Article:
At just 13 years old, Emily Waldron is a poster girl for transgender children’s rights.
Tiny, blonde and chatty, last year she appeared on the BBC’s The One Show with Oscar-winning actress Angelina Jolie, who called her an ‘extraordinary young person’.
‘I am transgender,’ the Liverpudlian told viewers. ‘Four years ago, when I was just beginning to transition, I thought I was the only one like me.’
But now Emily, who campaigns for school libraries to stock LGBT-themed children’s books — with titles such as Boy Erased — knows she is anything but alone.
Instead, thanks to a ‘crowdfunding’ campaign she has launched, financial and emotional support for her transgender journey has poured in.
Public plea: Emily Waldron’s fundraising page, which helped her get the money she needs to transition
Since she was 12, Emily has been taking puberty blockers: hormone suppressants to stop her biologically male body slipping into puberty. As Emily’s mother, Emma, has pointed out in a series of Twitter and Instagram messages about her daughter’s transition, the drugs stop Emily developing facial hair, a protruding Adam’s apple and a deeper voice.
But Emily’s powerful medicines — which the NHS has warned can harm young people’s bone and brain development — have not been prescribed by an NHS doctor. They were bought from a private clinic thanks to Emily’s internet crowdfunding campaign.
‘Help Emily get the puberty-blocking medication she urgently needs,’ said the appeal on the website GoFundMe. The donations soon topped £14,000.
This cash, said Emily’s family in an online thank-you message, will pay for her trans healthcare for the next five years, allowing her to ‘grow into the wonderful, strong woman she knows herself to be’.
Emily’s fundraising technique to support her ‘transition’ is being replicated by hundreds of other youngsters in Britain.
‘They are side-stepping the NHS,’ says Stephanie Davies-Arai, the founder of TransgenderTrend
Crowdfunders are paying for puberty-blockers taken by children, as well as for operations by private surgeons who remove teenagers’ breasts or construct them, remodel their genitalia to simulate a penis or vagina, and remove internal female or male anatomy — including the womb — to match their preferred sex.
‘They are side-stepping the NHS,’ says Stephanie Davies-Arai, the founder of TransgenderTrend, which calls for better, safer healthcare for children and teenagers struggling with gender issues.
She adds: ‘The internet is full of videos and photos of them after surgery, which portray these operations as cool and the new normal.
‘What is happening is dangerous for a whole generation because no one knows the consequences. Crowdfunding has meant that vulnerable young people can go to private doctors in the UK and abroad, who take their money for drugs and surgery with fewer questions asked.’
The trend for young people to crowdfund their transitions to the opposite sex has been accompanied by an increase in the number of social media videos, photos and posts with one clear message: that living as the opposite gender is an answer to many problems.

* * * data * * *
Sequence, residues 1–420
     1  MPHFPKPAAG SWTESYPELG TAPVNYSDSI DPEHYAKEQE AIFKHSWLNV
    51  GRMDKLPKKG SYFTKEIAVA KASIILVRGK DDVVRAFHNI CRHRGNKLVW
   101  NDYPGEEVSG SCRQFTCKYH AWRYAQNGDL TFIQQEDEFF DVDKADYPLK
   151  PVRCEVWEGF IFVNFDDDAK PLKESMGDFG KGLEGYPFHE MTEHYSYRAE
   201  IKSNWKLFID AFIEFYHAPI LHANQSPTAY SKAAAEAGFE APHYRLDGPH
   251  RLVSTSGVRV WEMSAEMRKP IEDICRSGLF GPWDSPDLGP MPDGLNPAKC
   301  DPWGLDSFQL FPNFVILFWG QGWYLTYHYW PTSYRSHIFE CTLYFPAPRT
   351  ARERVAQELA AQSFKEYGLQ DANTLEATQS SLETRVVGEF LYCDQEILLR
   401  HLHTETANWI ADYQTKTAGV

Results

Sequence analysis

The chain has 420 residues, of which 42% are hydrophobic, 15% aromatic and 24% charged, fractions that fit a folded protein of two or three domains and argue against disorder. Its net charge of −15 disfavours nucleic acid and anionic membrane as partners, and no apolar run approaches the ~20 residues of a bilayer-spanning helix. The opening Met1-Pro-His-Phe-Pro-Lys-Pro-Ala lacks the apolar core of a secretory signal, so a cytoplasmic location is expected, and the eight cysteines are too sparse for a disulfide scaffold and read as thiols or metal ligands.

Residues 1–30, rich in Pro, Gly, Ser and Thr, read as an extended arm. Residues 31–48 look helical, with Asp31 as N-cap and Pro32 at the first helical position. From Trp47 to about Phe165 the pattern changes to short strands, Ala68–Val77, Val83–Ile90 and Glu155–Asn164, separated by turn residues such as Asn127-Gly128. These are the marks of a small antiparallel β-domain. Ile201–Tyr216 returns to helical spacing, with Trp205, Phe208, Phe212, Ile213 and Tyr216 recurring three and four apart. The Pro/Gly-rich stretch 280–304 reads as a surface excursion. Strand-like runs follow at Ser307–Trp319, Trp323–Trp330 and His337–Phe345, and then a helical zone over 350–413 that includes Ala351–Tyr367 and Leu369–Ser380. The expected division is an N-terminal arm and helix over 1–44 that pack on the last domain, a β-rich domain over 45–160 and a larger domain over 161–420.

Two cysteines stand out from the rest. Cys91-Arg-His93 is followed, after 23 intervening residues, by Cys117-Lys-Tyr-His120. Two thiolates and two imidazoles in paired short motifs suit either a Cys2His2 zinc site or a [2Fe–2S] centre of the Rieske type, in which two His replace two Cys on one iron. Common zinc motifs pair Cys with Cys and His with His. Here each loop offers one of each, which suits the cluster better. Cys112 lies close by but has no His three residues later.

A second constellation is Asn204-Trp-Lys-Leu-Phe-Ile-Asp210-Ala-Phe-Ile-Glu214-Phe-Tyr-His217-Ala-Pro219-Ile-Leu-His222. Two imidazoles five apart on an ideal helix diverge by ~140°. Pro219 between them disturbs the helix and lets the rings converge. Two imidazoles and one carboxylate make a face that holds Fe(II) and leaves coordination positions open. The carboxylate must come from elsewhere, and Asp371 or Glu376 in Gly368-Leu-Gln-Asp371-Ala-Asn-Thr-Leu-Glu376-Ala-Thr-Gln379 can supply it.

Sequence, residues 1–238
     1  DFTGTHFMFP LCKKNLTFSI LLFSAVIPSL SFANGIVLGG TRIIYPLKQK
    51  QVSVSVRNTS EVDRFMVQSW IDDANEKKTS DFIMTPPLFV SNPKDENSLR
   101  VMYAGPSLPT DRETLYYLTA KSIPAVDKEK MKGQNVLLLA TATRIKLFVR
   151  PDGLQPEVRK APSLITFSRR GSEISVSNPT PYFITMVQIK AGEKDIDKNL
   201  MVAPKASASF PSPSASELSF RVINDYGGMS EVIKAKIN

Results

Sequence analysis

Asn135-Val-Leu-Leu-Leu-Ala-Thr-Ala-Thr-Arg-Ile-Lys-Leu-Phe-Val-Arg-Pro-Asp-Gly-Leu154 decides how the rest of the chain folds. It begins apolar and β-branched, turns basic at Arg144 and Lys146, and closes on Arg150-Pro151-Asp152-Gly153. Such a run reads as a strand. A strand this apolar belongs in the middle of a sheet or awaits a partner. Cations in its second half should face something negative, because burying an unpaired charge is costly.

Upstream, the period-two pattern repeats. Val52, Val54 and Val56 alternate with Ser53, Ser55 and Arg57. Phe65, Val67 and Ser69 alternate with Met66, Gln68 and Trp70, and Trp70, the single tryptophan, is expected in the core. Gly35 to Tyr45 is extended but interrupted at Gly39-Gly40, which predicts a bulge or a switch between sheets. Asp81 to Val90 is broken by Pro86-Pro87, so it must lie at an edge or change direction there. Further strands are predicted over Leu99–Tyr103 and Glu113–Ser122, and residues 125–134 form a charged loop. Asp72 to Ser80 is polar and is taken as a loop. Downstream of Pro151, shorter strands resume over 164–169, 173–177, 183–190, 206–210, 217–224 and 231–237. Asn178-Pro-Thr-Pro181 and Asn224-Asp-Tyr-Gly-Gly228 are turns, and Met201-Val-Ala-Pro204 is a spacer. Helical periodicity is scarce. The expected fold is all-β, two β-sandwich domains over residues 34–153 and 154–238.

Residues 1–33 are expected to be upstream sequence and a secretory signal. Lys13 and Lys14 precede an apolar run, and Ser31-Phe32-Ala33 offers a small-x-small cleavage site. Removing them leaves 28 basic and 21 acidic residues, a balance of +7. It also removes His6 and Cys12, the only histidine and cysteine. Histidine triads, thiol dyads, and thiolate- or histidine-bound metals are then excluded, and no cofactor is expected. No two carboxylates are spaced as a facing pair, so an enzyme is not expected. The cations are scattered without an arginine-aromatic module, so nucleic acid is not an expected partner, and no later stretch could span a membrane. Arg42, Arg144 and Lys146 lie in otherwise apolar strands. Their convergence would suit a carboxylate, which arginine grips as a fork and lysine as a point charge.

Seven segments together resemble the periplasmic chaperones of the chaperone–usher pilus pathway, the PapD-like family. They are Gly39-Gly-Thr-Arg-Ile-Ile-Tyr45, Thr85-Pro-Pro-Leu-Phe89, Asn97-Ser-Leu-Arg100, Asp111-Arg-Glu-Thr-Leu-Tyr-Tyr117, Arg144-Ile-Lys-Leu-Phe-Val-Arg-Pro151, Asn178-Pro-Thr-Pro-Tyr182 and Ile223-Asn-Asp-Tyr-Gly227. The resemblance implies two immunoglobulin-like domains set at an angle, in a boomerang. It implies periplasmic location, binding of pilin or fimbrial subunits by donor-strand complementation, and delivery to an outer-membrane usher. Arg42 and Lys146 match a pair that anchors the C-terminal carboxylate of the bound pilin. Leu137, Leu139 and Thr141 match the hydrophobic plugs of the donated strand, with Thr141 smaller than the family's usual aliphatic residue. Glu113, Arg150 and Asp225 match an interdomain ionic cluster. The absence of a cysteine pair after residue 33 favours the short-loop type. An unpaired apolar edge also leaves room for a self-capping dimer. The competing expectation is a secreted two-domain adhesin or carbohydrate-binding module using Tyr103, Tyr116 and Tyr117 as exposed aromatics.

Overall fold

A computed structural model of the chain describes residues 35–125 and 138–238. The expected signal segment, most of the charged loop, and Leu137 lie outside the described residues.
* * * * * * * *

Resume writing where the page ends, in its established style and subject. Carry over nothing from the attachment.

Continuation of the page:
Hundreds of youngsters have said online that they have financed the same procedures via crowdfunding, or hope to do so soon
Yet campaigners such as Ms Davies-Arai believe that millions of impressionable children are watching these videos and being ‘brainwashed’. The material, she warns, is fuelling the growth in gender dysphoria: feeling uncomfortable in your sexual identity.
Referrals to the Gender Identity Development Service at London’s Tavistock clinic rose from about 700 per year in 2014-15 to more than 2,600 in 2019-20, though the number fell slightly during the pandemic.
And nowhere is this trend more obvious than on the internet.
Last year, a 19-year-old from Cumbria raised £20,000 within weeks to fund her gender-reassignment surgery at a private clinic, by-passing NHS waiting lists for the operation which currently stand at three years.
Bella Fitzpatrick, who has 700,000 followers on the social media app TikTok, said on a local news website: ‘My socks have been blown completely off by this,’ adding that the money donated would be used to fund her ‘transition from male to female, including hormone treatment and surgery’.
Hundreds of youngsters have said online that they have financed the same procedures via crowdfunding, or hope to do so soon.
One TikTok video shows a young trans man, Ash, going for a private consultation in London’s Harley Street to start the process he hopes will lead to ‘top surgery’ to remove his breasts.
Ash’s film, shot less than a month ago, names the cosmetic surgeon and shows filmed footage inside the clinic’s reception area.
It is accompanied by the rock anthem All I Have Ever Wanted by Rag ’n’ Bone Man. It ends with young Ash’s words written on the screen, saying: ‘I am so excited!! And I am so proud of myself for going all the way to London on my own.’ He adds: ‘I am suitable for a double incision with surgeon Mr B. I should be getting the surgery in April or May [this year].’
On his GoFundMe page, Ash explains: ‘I came out [as trans] in June 2020 . . . and it just made so much sense. I am here to raise money so that I can get a bilateral mastectomy. My chest dysphoria gets harder to deal with every day.
‘It’s unbearable, and I can’t leave the house without . . . a baggy jumper. I can’t even glance down topless without getting distressed.
‘Although I am lucky enough to live in a country with free healthcare, it is a painfully long wait to transition on the NHS. Some people are waiting years. So I am going private!’